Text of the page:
•         Cracked interior walls (indication of severe problems and a shifting foundation)

6) Know How to Shut Off Your Gas Supply – The natural gas supply lines in your house are traditionally viewed as part of the larger plumbing system. Like the water lines in most Orange County homes, these lines typically enter your property through a single main connection. However, you may also have a separate gas or propane tank installed directly on your property. Every homeowner should know how to shut off the flow of gas when a known or suspected leak occurs. In addition to identifying the location of the master shutoff valve, identify the location of the shutoff valve for each individual gas-powered appliance. That way, you can stop the local flow to the affected appliance instead of cutting off your entire household supply.

7) Learn How to Read Your Water Meter and Monthly Bill – As we’ve already noted, unexpected or unexplained increases in your monthly water costs may indicate the presence of an otherwise undetected leak. However, unless you know how to read your water bill and track month-to-month changes, you can easily overlook gradual increases or end up downplaying the seriousness of the issue. You can also potentially identify leaks by making short-term observations of the readings on your water meter. Again, to take advantage of this detection method, you must know how to track meter readings and interpret their significance. The local entity that supplies water to your home is your chief go-to resource in both of these areas. Upon request, they should supply you with any needed help.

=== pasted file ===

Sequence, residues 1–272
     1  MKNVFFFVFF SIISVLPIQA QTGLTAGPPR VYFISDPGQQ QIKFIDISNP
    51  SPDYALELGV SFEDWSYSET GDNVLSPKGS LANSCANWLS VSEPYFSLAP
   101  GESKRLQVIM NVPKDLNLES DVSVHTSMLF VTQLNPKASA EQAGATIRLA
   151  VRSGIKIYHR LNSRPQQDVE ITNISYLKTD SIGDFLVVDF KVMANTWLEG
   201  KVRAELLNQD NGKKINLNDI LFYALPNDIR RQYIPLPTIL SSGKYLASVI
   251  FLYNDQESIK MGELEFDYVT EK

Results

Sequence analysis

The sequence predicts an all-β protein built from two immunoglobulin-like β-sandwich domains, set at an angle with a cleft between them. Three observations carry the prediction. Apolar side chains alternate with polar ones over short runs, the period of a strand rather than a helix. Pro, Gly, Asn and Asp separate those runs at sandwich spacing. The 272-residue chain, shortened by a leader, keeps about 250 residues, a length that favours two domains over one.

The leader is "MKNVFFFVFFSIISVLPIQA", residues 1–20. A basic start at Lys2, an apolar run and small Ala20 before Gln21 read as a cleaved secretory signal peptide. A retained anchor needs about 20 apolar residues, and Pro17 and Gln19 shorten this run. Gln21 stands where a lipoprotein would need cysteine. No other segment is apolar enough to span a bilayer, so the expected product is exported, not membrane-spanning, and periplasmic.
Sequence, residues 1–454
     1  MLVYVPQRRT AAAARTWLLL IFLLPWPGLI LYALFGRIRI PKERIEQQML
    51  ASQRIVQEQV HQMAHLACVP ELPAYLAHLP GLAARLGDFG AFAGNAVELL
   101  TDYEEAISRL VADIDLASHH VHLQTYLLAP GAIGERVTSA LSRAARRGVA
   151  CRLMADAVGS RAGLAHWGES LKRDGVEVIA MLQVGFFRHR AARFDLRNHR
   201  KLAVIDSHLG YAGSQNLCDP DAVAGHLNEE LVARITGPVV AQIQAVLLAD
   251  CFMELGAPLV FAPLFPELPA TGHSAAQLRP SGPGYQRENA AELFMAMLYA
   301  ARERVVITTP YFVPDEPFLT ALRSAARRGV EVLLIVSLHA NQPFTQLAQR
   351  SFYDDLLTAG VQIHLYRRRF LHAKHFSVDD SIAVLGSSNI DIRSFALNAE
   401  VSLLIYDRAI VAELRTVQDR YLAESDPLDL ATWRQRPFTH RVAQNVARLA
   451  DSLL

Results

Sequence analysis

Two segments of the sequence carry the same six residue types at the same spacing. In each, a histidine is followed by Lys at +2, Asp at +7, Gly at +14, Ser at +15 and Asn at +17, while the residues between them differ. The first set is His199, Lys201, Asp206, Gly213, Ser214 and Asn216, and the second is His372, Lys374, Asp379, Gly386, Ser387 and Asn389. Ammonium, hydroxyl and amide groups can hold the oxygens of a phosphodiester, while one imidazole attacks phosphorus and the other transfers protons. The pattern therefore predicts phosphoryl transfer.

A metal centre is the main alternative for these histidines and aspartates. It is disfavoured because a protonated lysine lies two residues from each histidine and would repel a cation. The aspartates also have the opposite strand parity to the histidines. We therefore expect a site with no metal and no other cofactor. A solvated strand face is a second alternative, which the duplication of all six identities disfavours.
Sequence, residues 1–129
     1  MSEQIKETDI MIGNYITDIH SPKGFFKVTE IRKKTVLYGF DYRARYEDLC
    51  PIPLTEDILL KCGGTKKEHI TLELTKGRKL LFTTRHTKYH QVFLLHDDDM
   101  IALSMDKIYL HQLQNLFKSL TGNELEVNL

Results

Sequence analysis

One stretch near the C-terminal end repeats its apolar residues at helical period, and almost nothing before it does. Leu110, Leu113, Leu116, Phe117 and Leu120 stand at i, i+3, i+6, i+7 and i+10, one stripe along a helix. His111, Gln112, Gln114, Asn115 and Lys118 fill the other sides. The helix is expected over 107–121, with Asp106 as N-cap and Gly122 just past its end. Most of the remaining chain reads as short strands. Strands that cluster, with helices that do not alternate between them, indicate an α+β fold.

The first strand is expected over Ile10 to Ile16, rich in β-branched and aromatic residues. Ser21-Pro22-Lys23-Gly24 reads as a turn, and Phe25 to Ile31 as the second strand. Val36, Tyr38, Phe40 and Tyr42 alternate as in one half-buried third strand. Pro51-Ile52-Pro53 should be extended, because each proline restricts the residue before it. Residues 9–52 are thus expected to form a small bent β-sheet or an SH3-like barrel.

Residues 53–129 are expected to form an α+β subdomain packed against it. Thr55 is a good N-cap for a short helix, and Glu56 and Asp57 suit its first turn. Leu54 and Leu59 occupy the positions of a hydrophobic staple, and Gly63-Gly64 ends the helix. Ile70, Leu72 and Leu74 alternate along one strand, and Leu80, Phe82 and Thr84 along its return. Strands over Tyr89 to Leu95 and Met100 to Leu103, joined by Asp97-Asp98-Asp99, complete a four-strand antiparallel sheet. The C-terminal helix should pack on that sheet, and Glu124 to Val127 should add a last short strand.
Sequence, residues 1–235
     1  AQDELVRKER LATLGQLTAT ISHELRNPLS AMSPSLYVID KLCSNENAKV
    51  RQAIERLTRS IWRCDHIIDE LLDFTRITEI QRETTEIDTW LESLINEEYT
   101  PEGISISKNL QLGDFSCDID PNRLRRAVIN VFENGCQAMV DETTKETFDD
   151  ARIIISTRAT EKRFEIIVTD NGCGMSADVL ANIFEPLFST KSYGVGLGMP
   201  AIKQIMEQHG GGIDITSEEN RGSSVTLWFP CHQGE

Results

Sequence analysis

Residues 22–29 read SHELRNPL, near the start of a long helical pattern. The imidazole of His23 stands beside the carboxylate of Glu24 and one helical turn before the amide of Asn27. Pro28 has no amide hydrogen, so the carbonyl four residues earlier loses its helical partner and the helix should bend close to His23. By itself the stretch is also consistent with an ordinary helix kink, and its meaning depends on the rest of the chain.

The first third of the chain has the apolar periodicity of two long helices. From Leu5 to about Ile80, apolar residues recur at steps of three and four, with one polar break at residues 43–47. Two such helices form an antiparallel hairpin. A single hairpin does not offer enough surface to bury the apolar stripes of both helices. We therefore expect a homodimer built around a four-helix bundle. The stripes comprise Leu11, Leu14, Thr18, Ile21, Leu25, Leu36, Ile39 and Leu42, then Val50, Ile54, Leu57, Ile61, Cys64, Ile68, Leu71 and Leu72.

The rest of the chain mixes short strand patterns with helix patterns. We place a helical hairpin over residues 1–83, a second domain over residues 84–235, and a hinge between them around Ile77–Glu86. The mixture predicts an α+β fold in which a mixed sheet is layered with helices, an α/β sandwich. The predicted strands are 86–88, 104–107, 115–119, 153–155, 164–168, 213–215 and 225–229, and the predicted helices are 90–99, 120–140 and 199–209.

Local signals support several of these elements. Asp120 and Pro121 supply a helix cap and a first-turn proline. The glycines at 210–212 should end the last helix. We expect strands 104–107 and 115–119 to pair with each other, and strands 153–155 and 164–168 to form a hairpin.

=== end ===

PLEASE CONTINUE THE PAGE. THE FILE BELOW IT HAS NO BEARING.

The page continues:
You can also get a thorough rundown on any plumbing-related issues from a trusted plumbing professional, such as Orange Coast Plumbing. We are available 24 hours a day, 365 days a years for any plumbing emergencies or issues you may encounter. We look forward to serving you with our 40 years of plumbing expertise soon.

About the Author:

Orange Coast Plumbing in Santa Ana, Orange County, Ca. takes great pride in providing plumbing knowledge to our online guests. Our entire team contributes to our blog. We have been in business since 1977 and have seen every kind of plumbing situation. We sincerely hope our posts contribute to bringing you plumbing peace of mind.